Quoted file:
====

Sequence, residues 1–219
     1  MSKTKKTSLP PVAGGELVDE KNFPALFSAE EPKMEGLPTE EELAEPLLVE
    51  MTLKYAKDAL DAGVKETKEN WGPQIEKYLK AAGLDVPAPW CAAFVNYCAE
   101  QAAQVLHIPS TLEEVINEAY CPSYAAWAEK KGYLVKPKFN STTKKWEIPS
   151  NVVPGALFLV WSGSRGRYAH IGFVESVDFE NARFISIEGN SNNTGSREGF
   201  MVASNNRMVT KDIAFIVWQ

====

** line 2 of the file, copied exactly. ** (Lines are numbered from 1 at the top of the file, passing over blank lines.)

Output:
     1  MSKTKKTSLP PVAGGELVDE KNFPALFSAE EPKMEGLPTE EELAEPLLVE